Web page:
Tuesday, January 17, 2012
"From Straight to Bizarre: Zappa, Beefheart, Alice Cooper, and LA's Lunatic Fringe" DVD
Frank Zappa with his business partner Herb Cohen embarked on an ambitious label venture in 1968. By the mid-early '70s it was gone. From Straight to Bizarre (Sexy Intellectual SIDVD 568) documents on DVD the story of the Straight and Bizarre labels, and the non-Mothers/Zappa releases that came out over the years of operation.
We get the story of the creative relations between Zappa and the artists, the music itself and its production, and the overall ethos of freakdom that the music in part represented. Essra Mohawk (Sandy Hurvitz), Wild Man Fischer, the GTOs, Alice Cooper and of course Captain Beefheart, among others, are discussed and what they did during this period.
There are talking head interviews of some of the key participants, commentary by selected critics, a cohesive narrative and selected music excerpts.
It's an important overview that is not perfect. There is less interview footage from Zappa himself than would be ideal, no commentary from Beefheart or Cooper, and perhaps less musical examples than one might want. The coverage of Captain Beefheart is not as comprehensive as his importance demands. Of course an entire DVD could easily focus on the Captain in his Straight Records phase, arguably his most seminal. Gary Lucus, guitarist and later Beefheart band member has been giving presentations on the life and importance of the Captain. And BBC has done an interesting documentary on Beefheart's entire career. So there is alternative coverage. On the other hand band members such as Drumbo (John French) have insightful things to say on the DVD about the living-creating situation of the band and how the music was put together during this period.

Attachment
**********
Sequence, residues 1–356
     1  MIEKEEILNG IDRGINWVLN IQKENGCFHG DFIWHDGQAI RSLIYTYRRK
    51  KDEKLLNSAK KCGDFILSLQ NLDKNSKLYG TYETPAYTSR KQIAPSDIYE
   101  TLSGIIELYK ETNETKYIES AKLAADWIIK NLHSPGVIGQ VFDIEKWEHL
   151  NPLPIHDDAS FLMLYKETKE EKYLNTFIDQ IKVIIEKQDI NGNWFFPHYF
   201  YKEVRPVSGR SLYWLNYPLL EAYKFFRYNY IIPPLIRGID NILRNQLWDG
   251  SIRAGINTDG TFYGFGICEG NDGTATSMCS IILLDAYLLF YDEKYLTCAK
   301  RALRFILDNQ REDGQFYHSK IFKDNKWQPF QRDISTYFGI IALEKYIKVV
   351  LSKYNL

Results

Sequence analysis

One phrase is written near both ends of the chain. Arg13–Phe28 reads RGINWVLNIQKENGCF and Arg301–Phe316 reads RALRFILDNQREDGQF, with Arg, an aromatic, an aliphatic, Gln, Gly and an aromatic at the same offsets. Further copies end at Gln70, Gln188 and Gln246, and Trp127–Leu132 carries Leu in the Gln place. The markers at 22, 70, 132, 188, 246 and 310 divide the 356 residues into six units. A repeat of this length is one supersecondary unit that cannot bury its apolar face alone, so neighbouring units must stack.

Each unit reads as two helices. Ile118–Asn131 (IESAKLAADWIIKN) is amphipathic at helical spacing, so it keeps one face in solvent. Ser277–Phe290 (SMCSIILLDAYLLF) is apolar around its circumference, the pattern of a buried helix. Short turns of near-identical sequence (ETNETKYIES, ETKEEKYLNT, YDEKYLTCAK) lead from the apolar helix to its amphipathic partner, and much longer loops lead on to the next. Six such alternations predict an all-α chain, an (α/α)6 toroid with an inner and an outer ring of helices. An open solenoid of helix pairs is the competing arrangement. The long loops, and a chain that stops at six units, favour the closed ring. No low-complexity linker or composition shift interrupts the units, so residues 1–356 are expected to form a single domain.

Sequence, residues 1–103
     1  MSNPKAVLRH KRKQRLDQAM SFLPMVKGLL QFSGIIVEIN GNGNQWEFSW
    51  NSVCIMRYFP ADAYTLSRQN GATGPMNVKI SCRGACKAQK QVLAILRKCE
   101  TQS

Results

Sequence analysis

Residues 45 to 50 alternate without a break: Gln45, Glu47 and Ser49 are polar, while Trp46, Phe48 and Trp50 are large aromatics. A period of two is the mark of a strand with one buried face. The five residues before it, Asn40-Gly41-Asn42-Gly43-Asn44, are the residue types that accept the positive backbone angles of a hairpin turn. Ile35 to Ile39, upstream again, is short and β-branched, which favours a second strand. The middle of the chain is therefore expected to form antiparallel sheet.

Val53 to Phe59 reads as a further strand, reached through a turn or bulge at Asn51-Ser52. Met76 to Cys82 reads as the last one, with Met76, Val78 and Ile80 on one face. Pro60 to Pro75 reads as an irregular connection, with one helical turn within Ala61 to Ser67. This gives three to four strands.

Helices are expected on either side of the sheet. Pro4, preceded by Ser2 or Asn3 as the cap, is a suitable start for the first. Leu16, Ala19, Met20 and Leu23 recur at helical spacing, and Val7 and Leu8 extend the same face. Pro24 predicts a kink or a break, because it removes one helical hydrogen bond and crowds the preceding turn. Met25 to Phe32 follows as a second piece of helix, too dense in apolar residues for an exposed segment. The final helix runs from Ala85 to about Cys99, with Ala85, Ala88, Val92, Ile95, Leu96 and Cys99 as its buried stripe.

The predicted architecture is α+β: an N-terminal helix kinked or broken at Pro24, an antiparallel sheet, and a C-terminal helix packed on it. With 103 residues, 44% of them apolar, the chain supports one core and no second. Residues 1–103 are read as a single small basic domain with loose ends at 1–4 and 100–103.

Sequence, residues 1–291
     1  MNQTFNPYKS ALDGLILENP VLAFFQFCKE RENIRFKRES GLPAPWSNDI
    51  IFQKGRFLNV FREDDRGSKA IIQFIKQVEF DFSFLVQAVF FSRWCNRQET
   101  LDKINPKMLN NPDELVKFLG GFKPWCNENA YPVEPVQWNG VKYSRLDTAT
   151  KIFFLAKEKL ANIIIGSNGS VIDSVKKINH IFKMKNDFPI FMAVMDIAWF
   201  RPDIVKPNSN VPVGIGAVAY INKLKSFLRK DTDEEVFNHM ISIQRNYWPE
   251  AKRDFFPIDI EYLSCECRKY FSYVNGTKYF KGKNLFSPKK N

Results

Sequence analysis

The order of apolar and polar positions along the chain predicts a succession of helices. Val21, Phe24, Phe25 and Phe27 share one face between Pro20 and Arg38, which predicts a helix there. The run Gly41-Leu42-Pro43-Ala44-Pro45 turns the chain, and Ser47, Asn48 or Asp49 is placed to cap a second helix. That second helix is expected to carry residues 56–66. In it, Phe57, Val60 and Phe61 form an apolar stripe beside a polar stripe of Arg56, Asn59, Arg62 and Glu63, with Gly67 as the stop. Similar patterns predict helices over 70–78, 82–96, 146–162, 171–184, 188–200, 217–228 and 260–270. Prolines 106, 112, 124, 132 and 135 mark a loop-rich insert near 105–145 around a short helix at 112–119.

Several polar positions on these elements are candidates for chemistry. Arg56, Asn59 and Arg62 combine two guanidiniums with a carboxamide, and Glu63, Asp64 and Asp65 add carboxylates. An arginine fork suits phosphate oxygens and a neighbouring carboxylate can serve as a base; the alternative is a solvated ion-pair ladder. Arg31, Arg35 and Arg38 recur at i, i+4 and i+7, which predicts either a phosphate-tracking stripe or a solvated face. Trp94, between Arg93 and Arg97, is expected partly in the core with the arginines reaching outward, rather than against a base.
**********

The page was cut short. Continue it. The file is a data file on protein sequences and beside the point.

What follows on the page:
All-in-all one is left with a vivid picture of the commonalities the artists shared as part of the Zappa orbit and some of the wonderful music that was made--as well as some oddities that were more important as socio-cultural documentations of the freak scene.
It's a good introduction to the subject--entertaining, informative, and fascinating. It may not be perfect but it will no doubt be well-received by the Zappa aficionado and anyone with an interest in the counter-culture and music of the era.